I just started work with a student interested in becoming an entrepreneur. And rightly so: he’s handling the business end of a clothing line that he started with a designer friend of his.

Let’s call him Nate. Nate is hungry. While his friend works at his drafting table, coming up with LA-chic t-shirt designs, Nate is learning how to code online (using Code Academy) so that he can be hands-on in handling the development of his company’s web presence. He’s working on sourcing the materials, which has, surprisingly to him, been a significant challenge. Nate is doing all the negotiating, managing the budget, heading up the marketing. And he’s excited about all of it.

At least he is at this stage: he’s still very much at the outset, still in very close contact with the electricity of the IDEA behind the business. He’s got a long way to go. I think he’ll pull through, but I know from experience that there is a long road ahead.

For students that are interested in staking out their claim in the workplace of tomorrow—those who want to compete with the rest of the market to carve out their own special niche—I think there is added value to working with an independent counselor. It’s the perspective of what it takes to be independent. Two primary ingredients that comprise “independence”: freedom and responsibility.

As an independent counselor, I am solely responsible for the content of my offerings, quality control, client relations, marketing, managing finances, networking, and professional development. It means finding solutions that will make my business viable now, in 2014, as well as developing ways to keep it competitive in the coming years. It means learning how to cultivate an online presence. Anything I can’t do on my own I need to contract out, which in my case means vetting, budgeting, negotiating, effectively communicating my needs, and monitoring the work of another person.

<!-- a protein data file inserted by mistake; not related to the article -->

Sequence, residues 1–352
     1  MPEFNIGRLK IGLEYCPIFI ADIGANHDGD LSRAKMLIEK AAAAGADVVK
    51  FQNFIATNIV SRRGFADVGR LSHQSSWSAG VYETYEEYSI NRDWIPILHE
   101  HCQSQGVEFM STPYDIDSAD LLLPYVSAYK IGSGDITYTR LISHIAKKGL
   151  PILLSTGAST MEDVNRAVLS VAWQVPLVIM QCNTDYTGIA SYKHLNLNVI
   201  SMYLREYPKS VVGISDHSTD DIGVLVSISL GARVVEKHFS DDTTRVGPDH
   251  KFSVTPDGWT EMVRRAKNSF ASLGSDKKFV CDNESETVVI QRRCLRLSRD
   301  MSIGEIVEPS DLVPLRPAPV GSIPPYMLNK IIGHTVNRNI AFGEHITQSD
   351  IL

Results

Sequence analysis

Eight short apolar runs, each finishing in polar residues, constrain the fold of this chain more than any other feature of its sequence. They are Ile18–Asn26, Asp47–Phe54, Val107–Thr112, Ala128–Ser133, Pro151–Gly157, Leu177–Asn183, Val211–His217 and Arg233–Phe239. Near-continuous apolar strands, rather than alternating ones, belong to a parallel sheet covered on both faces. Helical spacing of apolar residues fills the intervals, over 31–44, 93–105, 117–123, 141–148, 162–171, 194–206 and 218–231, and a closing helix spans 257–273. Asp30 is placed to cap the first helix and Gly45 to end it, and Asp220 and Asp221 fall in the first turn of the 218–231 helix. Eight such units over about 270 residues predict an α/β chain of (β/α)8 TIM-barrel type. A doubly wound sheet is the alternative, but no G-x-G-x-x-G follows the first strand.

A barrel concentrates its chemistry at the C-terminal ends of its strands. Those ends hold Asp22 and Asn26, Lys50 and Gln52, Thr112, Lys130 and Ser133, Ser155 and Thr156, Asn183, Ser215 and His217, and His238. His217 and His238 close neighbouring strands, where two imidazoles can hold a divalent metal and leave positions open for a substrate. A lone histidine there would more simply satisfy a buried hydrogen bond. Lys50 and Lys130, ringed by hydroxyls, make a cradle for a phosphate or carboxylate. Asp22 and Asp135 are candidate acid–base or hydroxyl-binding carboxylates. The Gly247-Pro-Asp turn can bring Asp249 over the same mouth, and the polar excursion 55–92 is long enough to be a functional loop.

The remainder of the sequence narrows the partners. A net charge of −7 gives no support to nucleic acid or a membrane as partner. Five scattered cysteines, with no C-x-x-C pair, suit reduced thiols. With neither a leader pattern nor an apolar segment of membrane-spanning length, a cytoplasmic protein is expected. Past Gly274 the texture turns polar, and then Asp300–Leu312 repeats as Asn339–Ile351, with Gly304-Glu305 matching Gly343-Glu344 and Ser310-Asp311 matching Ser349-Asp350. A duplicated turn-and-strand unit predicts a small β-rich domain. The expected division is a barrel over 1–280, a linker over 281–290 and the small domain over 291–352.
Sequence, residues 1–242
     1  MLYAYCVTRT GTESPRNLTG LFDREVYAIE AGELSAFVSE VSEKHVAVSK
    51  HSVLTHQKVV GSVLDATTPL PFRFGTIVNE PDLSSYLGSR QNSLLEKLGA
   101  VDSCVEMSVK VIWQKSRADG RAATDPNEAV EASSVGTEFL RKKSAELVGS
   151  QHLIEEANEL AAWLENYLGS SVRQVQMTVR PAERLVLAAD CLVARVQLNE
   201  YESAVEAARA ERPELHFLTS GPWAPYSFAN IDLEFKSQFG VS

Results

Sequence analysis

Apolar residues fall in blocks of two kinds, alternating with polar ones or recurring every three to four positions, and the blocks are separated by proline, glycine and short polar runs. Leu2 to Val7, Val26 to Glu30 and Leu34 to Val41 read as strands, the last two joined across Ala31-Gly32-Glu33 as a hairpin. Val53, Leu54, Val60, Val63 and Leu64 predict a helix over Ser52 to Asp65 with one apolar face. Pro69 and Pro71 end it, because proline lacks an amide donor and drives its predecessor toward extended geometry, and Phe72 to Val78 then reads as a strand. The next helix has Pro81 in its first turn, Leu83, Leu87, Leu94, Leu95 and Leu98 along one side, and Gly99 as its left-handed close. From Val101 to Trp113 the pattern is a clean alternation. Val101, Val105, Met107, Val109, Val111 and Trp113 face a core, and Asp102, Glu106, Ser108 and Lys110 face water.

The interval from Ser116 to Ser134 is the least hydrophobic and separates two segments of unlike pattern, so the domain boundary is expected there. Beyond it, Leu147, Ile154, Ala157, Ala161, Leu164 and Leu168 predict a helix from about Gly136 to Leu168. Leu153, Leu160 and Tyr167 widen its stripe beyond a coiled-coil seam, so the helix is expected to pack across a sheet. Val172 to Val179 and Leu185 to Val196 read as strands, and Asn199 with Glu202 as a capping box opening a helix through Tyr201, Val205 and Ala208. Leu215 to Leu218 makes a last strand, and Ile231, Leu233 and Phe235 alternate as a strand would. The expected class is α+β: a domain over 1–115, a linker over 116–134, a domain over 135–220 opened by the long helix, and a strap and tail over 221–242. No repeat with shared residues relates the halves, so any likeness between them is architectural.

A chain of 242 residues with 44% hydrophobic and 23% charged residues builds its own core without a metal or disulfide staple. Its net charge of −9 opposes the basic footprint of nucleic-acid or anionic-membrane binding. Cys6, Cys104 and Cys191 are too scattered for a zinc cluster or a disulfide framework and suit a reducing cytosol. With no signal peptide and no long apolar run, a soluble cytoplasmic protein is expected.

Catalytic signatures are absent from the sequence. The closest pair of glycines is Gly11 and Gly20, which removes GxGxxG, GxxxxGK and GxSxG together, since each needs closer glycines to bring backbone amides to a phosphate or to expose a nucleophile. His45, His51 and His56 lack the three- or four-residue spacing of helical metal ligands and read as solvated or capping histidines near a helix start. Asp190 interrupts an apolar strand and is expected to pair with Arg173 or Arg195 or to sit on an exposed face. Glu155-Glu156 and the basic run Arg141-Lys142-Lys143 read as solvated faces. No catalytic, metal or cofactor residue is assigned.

It also means balancing all of my survival-related needs with the moral imperative that comes with this field. At the end of the day, all of us are in it for the kids, families and communities we serve, with equalizing access to postsecondary education one of highest ideals. That is no small thing to pull off when you are entirely reliant on your time and effort to put food on the table and keep the roof above your head. I keep finding myself in conflict between all the help and information I want to give out for free and my need to make a living.

I don’t think that a moral imperative is exclusive to the business of independent counseling, either. Any business, from products to services, from education to fashion, can set its sights on somehow making things a little better for everyone. We hear it all the time when we’re young, but as we get older, the spirit of service often becomes somehow stale or obscured. It gets compartmentalized, tossed into the community service bin, which many kids wind up associating with the drudgery of fulfilling quotas, putting in the time that someone else says will give them a leg up in college admissions.

For an independent counselor, your ability to guide and inspire is only as potent as the spirit in which you conduct your business. And it’s that same sprit that kids like Nate will have to nurture and learn to protect once the securities of home and later the college environment dissolve into the past.

By Nick Soper